Medicaid Recipients Taking Taxpayers For Expensive Ride

11:46 PM, Feb 11, 2011   |    comments
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BUFFALO, NY-- A 2 On Your Side investigation has found that Medicaid recipients are taking taxpayers for a ride with thousands of unnecessary ambulance rides to emergency rooms every year at a cost of hundreds of thousands of dollars.

Each time a Medicaid recipient is taken by ambulance to a hospital it costs about $190. And because there is no co-pay for Medicaid patients, that means the entire $190 per trip is paid for by taxpayers.

There are some people who call 911 for an ambulance so often that they're known as "frequent flyers" within the medical community.

According to figures provided by Kaleida Health Care, which operates five hospitals locally, there were 2,500 unnecessary ambulance trips to its hospitals last year.

Rural Metro Ambulance tells 2 On Your Side that of the top ten people they transported most often to the hospital last year, seven were on Medicaid.

Scott Brown: "Right now, if you're on Medicaid, is there any disincentive to call an ambulance if you feel like it?"

Kaleida Health CEO Jim Kaskie: "There's no disincentive to call an ambulance, there's no disincentive not to come to the emergency room. No where else in our economy, no where else in our society, do we have absolute open doors with absolutely no individual accountability."

Scott Brown: "Right now, if I'm on Medicaid, is there any disincentive for me to call an ambulance?"

County Executive Chris Collins: "Other than your conscience being your guide, the true answer is no, there is no disincentive for people doing something like that and we have a few cases of abuse."

And the County Executive is right when he says a few cases- it's a small number of people who are taking a large number of trips.

For example, last year one person took an ambulance to ECMC 80 times, which cost taxpayers over $15,000.

Another took an ambulance to ECMC 78 times, which cost about another $15,000.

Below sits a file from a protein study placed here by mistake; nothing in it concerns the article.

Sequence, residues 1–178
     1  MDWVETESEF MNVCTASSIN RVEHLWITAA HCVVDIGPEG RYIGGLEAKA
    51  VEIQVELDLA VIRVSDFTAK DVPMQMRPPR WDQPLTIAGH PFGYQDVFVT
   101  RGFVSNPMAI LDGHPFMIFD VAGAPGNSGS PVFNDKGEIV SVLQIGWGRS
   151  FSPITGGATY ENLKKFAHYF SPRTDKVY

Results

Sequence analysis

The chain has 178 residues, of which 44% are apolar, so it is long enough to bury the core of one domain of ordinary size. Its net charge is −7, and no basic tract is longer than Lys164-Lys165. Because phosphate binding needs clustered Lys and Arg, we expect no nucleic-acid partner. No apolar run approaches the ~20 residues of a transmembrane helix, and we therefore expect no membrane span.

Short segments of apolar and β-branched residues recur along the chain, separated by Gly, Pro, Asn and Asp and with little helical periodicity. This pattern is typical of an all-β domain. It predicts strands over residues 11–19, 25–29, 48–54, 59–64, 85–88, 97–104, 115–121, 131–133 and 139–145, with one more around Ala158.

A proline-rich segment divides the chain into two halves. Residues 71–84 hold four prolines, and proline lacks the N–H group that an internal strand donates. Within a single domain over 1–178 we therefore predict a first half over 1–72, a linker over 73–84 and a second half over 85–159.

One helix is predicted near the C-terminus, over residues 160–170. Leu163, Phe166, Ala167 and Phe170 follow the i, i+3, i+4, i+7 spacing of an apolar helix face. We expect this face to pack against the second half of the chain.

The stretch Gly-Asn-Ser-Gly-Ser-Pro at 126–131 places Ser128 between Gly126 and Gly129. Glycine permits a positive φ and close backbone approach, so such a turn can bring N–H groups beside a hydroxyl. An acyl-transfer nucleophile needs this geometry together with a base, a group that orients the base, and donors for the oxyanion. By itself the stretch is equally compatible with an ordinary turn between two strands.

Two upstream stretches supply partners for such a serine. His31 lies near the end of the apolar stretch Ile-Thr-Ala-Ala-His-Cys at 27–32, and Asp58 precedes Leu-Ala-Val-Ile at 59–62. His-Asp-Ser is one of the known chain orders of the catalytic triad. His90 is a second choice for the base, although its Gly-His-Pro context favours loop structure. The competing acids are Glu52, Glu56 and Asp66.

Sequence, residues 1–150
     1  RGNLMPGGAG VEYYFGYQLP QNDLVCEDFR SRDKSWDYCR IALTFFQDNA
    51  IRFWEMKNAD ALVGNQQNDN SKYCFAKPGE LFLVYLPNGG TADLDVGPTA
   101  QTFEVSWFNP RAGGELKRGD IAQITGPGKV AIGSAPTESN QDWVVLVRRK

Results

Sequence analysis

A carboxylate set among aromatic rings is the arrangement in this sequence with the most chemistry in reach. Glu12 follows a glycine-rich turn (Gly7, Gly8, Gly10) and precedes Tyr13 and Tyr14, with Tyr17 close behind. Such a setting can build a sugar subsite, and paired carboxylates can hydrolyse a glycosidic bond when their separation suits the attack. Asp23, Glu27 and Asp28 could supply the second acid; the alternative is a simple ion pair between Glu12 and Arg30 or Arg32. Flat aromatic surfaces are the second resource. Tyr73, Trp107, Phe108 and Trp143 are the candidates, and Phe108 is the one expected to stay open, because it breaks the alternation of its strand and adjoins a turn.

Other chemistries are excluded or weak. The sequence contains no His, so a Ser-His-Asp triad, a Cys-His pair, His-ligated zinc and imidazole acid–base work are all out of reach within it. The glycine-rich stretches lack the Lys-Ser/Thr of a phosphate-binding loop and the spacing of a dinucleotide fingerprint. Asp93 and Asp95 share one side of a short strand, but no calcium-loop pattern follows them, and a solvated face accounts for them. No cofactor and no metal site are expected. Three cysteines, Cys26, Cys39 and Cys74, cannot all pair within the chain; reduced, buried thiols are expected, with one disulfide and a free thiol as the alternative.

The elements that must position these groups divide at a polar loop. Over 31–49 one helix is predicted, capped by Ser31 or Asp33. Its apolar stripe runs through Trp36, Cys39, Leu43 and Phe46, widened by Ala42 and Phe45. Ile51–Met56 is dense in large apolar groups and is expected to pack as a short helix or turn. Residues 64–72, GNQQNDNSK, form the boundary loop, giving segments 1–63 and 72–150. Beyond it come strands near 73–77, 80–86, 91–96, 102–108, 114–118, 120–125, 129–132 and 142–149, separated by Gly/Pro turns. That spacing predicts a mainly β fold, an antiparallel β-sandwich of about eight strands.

And a third Medicaid recipient took an ambulance 60 times to Millard Fillmore Hospital, which cost over $10,000.

And what are some of the most frequent diagnoses for these people?

You would think heart attack, stroke, or trouble breathing.

But that's not the case.

According to Kaleida, they were abdominal pain, headaches, backaches and coughing, yes coughing.

Erie County Health Commissioner Dr. Anthony Billittier, an E.R. doctor himself, did a study about 15 years ago where he found that about seven percent of all 911 calls by Medicaid recipients were unnecessary.

Dr. Billittier said the most common reason for those unneeded trips was because Medicaid recipients had no transportation of their own to get to the hospital, so they call 911.

Scott Brown: "As opposed to sending an ambulance out on every 911 call, would it be possible after talking to the person to maybe send a medical van or something else that's not as expensive?"

Erie County Health Commissioner Anthony Billittier: "Yeah, absolutely, there are probably more cost effective ways to do it that will probably be just as safe- ambulates or taxi cabs. Some people just need a ride to the hospital, they don't need care, they don't need oxygen, monitoring or an IV or anything like that, so I think those are good solutions."

Scott Brown: "So why are we not doing that?"

Dr. Anthony Billittier: "Well the question is who is 'we', It probably rests at the state level."

Another reason for some Medicaid recipients going to the hospital so often is the system itself- some of them have no primary care physician because some doctors refuse to take Medicaid patients because the pay they get from the state for treating them is so low.

Kaleida CEO Jim Kaskie: "We need to step back and redesign the system so that people can have a medical home, where the health system and physicians and the department of health can work together to create a new model of care."

State Senator George Maziarz (R): "Clearly when it comes to Medicaid reform this is an area that must be addressed."